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Systematic review of patients' participation in and experiences of technology-based monitoring of mental health symptoms in the community
  1. Sophie Walsh,
  2. Eoin Golden,
  3. Stefan Priebe
  1. Unit for Social and Community Psychiatry, WHO Collaborating Centre for Mental Health Services Development, Queen Mary University of London, London, UK
  1. Correspondence to Sophie Walsh; sophie.walsh{at}qmul.ac.uk

Abstract

Objectives To review systematically the literature on patients’ experiences of, and participation in, technology-based monitoring of mental health symptoms. This practice was defined as patients monitoring their mental health symptoms, emotions or behaviours outside of routine clinical appointments by submitting symptom data using technology, with feedback arising from the data (for example, supportive messages or symptom summaries, being sent to the patient, clinician or carer).

Design Systematic review following PRISMA guidelines of studies evaluating technology-based symptom monitoring. Tools from narrative synthesis were used to analyse quantitative findings on participation rates and qualitative findings on patient views.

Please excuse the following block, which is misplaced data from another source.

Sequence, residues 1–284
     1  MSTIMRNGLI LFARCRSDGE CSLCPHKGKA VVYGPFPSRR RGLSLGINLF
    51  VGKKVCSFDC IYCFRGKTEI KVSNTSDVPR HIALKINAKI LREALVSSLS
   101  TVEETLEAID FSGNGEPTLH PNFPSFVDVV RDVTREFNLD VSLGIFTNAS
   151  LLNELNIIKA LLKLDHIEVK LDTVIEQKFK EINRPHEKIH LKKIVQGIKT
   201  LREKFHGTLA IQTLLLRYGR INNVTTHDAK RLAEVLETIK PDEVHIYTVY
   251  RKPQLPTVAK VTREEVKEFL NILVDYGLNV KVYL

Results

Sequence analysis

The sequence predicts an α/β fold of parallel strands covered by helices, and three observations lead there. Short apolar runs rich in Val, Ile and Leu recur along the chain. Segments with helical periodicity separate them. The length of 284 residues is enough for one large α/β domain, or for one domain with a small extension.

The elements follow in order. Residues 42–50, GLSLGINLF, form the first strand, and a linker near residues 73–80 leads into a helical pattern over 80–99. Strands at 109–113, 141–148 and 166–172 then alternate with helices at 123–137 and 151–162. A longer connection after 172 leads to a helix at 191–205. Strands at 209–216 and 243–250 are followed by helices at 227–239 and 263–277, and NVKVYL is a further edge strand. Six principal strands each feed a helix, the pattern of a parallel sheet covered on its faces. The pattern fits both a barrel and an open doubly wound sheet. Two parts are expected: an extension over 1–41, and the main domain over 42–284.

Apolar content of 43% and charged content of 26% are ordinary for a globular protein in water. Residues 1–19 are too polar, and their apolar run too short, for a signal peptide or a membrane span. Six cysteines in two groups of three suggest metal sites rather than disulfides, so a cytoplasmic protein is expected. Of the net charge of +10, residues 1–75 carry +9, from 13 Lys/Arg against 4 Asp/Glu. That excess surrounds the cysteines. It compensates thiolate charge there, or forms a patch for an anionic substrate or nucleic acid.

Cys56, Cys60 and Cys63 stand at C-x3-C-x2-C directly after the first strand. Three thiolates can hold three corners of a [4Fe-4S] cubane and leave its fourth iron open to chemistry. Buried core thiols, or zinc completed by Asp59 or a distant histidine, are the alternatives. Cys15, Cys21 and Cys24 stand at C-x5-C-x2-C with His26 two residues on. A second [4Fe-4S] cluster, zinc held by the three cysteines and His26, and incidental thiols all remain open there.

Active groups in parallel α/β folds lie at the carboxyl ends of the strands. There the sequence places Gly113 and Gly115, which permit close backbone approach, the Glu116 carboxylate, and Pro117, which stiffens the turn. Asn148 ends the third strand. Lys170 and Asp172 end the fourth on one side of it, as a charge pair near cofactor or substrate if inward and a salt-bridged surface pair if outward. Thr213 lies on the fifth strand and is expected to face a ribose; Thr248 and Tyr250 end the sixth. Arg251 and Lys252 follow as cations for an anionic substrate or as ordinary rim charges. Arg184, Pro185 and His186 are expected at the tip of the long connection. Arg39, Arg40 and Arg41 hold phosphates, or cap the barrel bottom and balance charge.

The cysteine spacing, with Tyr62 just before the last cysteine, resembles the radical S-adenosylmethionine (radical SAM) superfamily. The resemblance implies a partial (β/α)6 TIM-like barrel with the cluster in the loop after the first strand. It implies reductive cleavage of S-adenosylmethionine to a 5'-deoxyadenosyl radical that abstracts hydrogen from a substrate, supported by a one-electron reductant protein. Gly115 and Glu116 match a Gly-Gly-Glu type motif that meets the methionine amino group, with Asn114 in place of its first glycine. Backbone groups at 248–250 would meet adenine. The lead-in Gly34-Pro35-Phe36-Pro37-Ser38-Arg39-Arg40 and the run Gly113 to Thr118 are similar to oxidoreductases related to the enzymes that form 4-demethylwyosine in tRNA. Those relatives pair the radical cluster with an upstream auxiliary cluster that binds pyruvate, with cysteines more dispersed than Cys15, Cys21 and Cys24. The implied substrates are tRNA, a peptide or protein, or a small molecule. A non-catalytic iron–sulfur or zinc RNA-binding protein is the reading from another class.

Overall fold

Data sources PubMed, EMBASE, PsycINFO, BNI, CINAHL, Cochrane Registers and Web of Science electronic databases were searched using a combination of ‘psychiatry’, ‘symptom monitoring’ and ‘technology’ descriptors. A secondary hand search was performed in grey literature and references.

Results 57 papers representing 42 studies met the inclusion criteria for the review. Technology-based symptom monitoring was used for a range of mental health conditions, either independently of a specific therapeutic intervention or as an integrated component of therapeutic interventions. The majority of studies reported moderate-to-strong rates of participation, though a third reported lower rates. Qualitative feedback suggests that acceptability of monitoring is related to perceived validity, ease of practice, convenient technology, appropriate frequency and helpfulness of feedback, as well as the impact of monitoring on participants’ ability to manage health and personal relationships.

Conclusions Such symptom monitoring practices appear to be well accepted and may be a feasible complement to clinical practice. However, there is limited availability of data and heterogeneity of studies. Future research should examine robustly patients’ role in the development and evaluation of technology-based symptom monitoring in order to maximise its clinical utility.

This is an Open Access article distributed in accordance with the Creative Commons Attribution Non Commercial (CC BY-NC 4.0) license, which permits others to distribute, remix, adapt, build upon this work non-commercially, and license their derivative works on different terms, provided the original work is properly cited and the use is non-commercial. See: http://creativecommons.org/licenses/by-nc/4.0/

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